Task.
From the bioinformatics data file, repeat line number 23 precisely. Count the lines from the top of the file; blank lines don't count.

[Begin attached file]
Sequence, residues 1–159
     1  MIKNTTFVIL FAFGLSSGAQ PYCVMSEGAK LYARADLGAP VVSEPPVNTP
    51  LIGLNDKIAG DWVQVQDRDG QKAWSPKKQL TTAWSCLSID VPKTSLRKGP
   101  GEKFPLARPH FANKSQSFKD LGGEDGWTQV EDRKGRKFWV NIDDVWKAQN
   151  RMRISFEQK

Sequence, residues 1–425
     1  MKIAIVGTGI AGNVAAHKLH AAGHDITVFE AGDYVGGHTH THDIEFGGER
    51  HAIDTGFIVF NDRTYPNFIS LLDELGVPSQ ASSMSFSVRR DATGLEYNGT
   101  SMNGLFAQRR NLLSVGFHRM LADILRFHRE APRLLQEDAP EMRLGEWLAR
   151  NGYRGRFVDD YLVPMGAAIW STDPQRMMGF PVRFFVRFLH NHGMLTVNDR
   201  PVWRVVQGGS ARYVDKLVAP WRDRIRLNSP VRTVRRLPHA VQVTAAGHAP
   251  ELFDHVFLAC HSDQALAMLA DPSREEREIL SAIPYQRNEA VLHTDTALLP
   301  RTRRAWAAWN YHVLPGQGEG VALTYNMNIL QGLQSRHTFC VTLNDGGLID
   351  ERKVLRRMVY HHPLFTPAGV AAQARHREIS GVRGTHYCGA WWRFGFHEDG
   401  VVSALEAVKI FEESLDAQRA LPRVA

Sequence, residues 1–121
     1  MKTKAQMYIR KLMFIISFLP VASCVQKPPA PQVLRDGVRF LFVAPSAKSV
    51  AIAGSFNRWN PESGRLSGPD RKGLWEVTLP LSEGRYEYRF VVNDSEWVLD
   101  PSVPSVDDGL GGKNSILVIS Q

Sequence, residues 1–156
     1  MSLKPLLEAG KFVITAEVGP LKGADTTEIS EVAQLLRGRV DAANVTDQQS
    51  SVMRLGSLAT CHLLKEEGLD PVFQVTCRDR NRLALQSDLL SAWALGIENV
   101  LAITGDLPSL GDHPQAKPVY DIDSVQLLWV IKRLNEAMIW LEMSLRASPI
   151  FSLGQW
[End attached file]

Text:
   101  LAITGDLPSL GDHPQAKPVY DIDSVQLLWV IKRLNEAMIW LEMSLRASPI